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Do patients and carers agree on symptom burden in advanced COPD?

Research output: Contribution to journalArticle

Emma Mi, Ella Mi, Patrick Thomas White, Morag Catriona Farquhar, gail ewing

Original languageEnglish
Pages (from-to)969-976
Number of pages8
JournalInternational journal of chronic obstructive pulmonary disease
Volume13
Early online date21 Mar 2018
E-pub ahead of print21 Mar 2018
Published21 Mar 2018

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COPD

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Abstract

Plain language summary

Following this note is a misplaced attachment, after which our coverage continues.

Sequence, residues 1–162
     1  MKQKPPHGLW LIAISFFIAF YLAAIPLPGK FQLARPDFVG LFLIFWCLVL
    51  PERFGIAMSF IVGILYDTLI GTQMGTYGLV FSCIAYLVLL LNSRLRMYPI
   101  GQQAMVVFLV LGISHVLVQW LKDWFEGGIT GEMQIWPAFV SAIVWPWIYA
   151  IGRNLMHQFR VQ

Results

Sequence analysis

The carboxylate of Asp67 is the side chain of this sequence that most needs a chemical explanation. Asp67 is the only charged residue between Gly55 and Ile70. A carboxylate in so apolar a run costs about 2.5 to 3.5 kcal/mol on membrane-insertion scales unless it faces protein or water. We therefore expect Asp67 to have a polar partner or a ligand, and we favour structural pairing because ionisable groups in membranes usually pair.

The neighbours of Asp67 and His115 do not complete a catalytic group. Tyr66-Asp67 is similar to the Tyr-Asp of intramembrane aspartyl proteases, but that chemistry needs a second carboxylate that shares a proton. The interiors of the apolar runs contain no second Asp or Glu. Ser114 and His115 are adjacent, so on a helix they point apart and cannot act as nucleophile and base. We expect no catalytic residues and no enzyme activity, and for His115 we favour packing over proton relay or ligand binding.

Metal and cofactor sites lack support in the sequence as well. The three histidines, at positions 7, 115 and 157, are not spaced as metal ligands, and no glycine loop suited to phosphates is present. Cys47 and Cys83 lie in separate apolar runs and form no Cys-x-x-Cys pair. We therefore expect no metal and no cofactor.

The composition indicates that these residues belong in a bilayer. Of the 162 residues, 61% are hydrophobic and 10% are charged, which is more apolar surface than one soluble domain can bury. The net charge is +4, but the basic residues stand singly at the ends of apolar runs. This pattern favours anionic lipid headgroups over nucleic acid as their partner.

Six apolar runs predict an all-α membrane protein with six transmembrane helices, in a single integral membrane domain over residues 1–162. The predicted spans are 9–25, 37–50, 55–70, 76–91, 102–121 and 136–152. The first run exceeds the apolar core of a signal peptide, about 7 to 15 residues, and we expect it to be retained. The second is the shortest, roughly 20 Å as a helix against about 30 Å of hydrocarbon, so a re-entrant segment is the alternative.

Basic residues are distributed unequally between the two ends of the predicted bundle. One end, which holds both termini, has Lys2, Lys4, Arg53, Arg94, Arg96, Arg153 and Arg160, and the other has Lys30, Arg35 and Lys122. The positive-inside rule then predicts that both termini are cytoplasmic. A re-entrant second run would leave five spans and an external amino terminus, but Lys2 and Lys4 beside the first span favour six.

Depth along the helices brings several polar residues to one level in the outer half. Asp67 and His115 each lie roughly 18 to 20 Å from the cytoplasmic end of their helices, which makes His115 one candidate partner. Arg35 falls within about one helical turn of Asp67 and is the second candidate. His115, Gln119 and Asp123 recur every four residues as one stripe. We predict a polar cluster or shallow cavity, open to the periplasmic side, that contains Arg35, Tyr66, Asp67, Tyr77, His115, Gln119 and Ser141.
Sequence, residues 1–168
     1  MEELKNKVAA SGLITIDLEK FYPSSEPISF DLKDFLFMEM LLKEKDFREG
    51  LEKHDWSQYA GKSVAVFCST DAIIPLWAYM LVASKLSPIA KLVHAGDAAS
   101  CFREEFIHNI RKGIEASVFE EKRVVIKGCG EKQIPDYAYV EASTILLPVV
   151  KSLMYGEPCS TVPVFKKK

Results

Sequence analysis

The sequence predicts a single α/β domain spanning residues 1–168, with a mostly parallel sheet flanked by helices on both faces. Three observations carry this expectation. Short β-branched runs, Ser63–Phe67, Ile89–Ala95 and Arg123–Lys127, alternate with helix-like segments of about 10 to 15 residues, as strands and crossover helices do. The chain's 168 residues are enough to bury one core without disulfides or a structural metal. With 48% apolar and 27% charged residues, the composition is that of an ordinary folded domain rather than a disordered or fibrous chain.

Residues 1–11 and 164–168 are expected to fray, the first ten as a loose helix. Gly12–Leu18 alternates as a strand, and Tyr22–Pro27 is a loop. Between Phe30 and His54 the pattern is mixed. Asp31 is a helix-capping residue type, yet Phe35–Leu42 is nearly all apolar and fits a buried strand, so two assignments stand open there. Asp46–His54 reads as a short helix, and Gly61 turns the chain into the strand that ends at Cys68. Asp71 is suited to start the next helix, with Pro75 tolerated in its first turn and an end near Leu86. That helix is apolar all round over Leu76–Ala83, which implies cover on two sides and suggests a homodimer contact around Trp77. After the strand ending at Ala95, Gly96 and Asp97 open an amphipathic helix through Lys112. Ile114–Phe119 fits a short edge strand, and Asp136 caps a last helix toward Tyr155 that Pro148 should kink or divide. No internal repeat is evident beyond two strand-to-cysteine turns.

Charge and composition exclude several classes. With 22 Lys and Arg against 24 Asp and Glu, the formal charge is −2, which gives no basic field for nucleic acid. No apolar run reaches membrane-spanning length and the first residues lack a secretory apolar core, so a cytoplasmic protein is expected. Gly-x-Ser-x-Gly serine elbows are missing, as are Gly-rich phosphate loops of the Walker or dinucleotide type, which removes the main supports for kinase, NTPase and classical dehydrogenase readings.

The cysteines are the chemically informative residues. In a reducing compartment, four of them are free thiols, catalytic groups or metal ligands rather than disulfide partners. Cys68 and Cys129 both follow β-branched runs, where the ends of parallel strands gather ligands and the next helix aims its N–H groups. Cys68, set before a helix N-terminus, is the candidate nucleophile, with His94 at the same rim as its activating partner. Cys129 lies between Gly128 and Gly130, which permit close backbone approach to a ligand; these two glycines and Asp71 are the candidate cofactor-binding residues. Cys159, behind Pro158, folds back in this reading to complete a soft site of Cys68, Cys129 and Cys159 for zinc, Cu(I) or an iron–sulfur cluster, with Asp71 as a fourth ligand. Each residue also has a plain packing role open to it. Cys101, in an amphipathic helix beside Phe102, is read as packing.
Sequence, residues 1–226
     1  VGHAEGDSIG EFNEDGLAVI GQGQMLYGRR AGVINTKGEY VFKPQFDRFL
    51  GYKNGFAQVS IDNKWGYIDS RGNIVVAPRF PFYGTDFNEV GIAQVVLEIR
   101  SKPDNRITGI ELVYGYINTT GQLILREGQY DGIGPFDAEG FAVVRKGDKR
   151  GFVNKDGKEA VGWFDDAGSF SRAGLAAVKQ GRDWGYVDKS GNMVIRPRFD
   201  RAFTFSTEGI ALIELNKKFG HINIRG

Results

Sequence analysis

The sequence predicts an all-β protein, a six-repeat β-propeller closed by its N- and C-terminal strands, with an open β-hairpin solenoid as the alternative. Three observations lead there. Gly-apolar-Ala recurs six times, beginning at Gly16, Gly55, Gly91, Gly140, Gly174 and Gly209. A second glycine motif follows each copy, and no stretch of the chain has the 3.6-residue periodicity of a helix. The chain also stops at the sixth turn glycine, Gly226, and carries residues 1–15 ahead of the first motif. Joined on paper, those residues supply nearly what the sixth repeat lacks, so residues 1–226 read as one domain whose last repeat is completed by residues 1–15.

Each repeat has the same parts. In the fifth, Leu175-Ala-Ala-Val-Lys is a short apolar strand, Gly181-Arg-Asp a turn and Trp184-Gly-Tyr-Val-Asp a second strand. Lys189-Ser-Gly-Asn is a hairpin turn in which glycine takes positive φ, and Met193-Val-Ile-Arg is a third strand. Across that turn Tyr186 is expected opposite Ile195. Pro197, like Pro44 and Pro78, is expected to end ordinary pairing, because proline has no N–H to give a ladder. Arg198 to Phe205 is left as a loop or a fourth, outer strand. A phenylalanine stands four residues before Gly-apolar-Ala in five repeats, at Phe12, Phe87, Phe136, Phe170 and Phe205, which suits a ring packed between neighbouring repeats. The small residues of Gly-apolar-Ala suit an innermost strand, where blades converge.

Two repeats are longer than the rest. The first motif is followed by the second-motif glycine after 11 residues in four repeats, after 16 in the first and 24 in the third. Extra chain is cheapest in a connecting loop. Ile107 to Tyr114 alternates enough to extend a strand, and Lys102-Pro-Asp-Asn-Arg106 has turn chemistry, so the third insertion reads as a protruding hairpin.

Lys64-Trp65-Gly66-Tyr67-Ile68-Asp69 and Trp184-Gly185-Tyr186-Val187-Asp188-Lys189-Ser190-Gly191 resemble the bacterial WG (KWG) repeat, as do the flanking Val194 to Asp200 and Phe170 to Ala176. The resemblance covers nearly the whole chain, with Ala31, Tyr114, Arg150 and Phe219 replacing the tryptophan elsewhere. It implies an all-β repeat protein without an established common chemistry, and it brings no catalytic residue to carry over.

Patients with COPD are affected by many symptoms such as breathlessness and tiredness in their day-to-day life. Family and friends (informal carers) often have to help manage these symptoms and decide when to get medical help. We wanted to find out whether patients and their carers agree in their judgments of the patient’s symptoms and what factors are associated with better or worse agreement as this may influence how well symptoms are managed, given the carer’s role in this. One hundred and nineteen patients and their carers separately rated how much the patient was bothered by six common symptoms in COPD. Agreement between patients and carers was worse for less obvious symptoms such as depression, fatigue, anxiety and breathlessness than constipation and diarrhea. Carers who said that their patient had more problematic symptoms than the patients themselves tended to have a non-spousal relationship with and live apart from their patient, be symptomatically anxious or depressed themselves and have more unmet support needs. Patients reporting a greater symptom burden than their carer reported for them were younger and had COPD for longer. Our results suggest clinicians should seek opinions about symptoms from both the patient and their carer, promote shared understanding between patients and carers, and screen for mental health problems in both and unmet support needs in carers.

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